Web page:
Shopper marketing tactics for small shop owners – Part 1

August 25, 2022 11:23 am

Shopper marketing is the practice that focuses on promoting products by addressing the customers directly while they are already in the physical store. It is extremely important as it can make a difference between a product being sold quickly or not. Shopper marketing makes a direct and instant impact influencing the behavior of customers.

Shopper marketing strategies can range from simple to very complex, but in this series of articles, we will be focusing on very practical tactics that you can easily implement in your store to increase the sales of your products. We will touch four pillars: product, placement, pricing and promotion.

In the first part of this article, we’ll look at product and placement related tactics.

But first, you need to make your store appealing to the customers. Here are some tips on how you can do that:

  • Get the biggest space you can afford. Crowded stores make people uncomfortable. It’s no fun trying to shop when you’re shoulder to shoulder with dozens of other people. Everything gets hot, it’s stifling, and you can’t really see everything. So getting a bigger space means that everyone can fit. It also lets you display a larger inventory which improves the number of choices customers have, which improves their chances of buying something.
  • Create a nice ambiance. Give your shop a nice smell that your customers will recognize by using a perfume diffuser. Play some music to put customers in the mood to have fun- people who are having fun are also spending money. That’s why stores will often play music inside of their stores – it puts you in a better mood and encourages you to buy things.
  • Put some shopping baskets at the entrance. Getting a cart when entering the store will encourage customers to purchase more items than planned.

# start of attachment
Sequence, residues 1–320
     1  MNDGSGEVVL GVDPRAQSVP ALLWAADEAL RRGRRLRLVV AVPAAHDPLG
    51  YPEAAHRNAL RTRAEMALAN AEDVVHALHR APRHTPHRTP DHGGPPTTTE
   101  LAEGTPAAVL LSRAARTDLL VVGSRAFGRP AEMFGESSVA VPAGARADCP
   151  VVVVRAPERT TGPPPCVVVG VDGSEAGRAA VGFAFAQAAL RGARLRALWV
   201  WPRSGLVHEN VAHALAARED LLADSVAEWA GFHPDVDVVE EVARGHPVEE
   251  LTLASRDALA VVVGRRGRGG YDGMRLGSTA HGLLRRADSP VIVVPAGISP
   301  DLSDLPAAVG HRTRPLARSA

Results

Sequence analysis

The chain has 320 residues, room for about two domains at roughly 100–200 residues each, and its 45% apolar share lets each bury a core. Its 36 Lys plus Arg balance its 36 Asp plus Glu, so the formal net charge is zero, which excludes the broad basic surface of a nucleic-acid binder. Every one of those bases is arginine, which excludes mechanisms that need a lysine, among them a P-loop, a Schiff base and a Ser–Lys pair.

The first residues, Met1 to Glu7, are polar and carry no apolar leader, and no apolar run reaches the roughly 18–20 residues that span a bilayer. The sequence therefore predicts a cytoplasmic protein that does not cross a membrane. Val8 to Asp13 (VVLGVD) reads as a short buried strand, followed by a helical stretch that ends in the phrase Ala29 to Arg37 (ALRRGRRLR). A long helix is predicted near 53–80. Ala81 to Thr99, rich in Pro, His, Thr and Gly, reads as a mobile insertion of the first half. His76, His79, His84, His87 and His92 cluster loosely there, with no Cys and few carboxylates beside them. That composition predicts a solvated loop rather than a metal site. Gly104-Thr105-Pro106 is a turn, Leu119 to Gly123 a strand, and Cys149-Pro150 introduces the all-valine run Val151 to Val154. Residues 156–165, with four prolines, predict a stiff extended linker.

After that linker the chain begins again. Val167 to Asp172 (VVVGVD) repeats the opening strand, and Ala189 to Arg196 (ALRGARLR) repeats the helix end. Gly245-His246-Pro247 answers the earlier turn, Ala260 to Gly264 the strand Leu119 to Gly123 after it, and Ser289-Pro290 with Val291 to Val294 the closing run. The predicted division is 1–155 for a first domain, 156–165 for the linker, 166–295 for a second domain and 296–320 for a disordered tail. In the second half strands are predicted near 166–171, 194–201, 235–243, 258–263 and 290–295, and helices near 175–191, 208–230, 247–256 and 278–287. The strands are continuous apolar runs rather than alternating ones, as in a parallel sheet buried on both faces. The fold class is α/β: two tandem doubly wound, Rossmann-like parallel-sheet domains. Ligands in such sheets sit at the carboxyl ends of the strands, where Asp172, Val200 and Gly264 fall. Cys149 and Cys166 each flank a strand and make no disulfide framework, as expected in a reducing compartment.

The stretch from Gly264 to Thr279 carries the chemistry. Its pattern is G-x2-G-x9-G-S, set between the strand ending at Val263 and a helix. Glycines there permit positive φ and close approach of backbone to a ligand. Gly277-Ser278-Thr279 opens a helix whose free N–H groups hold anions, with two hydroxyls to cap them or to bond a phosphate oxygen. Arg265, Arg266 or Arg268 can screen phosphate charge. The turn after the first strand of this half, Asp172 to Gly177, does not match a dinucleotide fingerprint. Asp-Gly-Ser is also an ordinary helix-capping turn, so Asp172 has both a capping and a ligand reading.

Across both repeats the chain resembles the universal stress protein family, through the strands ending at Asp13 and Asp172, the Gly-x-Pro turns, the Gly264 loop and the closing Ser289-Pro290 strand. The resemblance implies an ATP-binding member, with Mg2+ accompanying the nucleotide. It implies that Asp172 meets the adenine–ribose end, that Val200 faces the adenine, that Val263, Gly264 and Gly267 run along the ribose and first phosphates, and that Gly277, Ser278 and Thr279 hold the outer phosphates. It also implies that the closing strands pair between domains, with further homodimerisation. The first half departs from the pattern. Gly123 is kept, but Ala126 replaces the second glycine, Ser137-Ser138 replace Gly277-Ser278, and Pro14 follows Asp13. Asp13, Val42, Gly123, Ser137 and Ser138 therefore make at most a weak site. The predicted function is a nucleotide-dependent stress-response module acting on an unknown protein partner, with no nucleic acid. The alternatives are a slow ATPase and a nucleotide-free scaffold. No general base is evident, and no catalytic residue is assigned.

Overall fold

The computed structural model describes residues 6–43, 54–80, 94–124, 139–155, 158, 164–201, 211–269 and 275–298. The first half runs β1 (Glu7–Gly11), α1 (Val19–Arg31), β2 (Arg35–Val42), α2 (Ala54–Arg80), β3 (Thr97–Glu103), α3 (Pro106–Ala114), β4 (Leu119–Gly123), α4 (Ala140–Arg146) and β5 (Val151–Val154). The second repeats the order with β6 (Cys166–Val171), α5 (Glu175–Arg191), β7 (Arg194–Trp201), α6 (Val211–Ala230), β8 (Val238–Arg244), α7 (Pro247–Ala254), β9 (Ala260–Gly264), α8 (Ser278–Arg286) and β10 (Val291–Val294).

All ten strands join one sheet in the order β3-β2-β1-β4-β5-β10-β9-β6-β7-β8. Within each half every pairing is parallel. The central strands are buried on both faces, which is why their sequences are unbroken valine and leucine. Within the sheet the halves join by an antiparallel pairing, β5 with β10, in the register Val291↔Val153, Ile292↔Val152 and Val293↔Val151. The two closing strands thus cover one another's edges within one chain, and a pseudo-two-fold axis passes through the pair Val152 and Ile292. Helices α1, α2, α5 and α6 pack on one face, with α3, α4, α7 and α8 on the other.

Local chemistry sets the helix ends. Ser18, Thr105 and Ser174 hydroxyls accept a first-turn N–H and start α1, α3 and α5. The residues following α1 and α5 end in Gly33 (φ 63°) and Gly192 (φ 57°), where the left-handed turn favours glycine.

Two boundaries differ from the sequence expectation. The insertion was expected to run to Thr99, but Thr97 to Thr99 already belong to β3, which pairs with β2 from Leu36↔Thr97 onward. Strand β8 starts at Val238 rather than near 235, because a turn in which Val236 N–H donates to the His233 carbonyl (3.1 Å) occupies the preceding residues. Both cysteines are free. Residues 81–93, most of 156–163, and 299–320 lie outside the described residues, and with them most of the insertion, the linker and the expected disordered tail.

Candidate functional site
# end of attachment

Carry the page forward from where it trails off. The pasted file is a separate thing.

And now here are some easy tactics related to the product and its placement you can apply to make sure your products sell fast!

  • Put your biggest money maker up front first on the shelf. They will draw the customer’s eyes because they look attractive.
  • Put the essential items toward the back of the store. Do you have some basic products that people regularly come to buy? Place them at the back of the store. That way your customers will have to walk through the entire store to get to them. That exposes them to a bunch of the store’s inventory. This way there is high probability they’ll buy something else other than what they came in to buy.
  • Group product by category. Try to create some attractive categories for your customers – this will help them navigate the store easier and it will also create a more organized, out together look for your shop. Why not create a “gifts” category? People are always looking for last minute gifts for their friends and relatives and this way your shop will become their first stop.
  • Put the most profitable items on eye-level on shelves. If you put the more desirable and profitable items at eye level, your customers will see them easier. This increases your chances of them buying the more profitable items. Do also this at the eye level of kids so that they’ll try to talk their parents into buying those things.
  • Keep products in reach by using displays and demos. Studies have shown that people who touch things are more likely to buy them than those who do not touch things. This is especially true with clothing: you put your hands on an item and feel the fabric. You may pick up something in the store to look at it. All these things help you make your decision to buy something. If your customers can touch the products, that’s higher odds that they’ll buy at least some of it.
  • Place small impulse purchase items at checkout. Placing cheap products near the cash register makes them sell fast because the customer acts on impulse and they don’t really feel like they’re spending any money.
  • Use secondary placements for products you want to sell fast. Secondary placements or cross merchandising means putting a product in a different category that its own, next to complementary products. This enables customers to link the related products at the time of purchase, saving their time of travelling to another area of the shop and luring them into buying additional items that they would not have done otherwise. One example of that could be placing bags of coals next to barbeques or bags next to clothing items.

Next week we’ll share the tactics related to pricing and promotion. Stay tuned for part 2 of this article!

Now you can go and make your store more appealing for your customers! We’re here to help you sell your products and make profit fast. To learn more, please contact our sales team.

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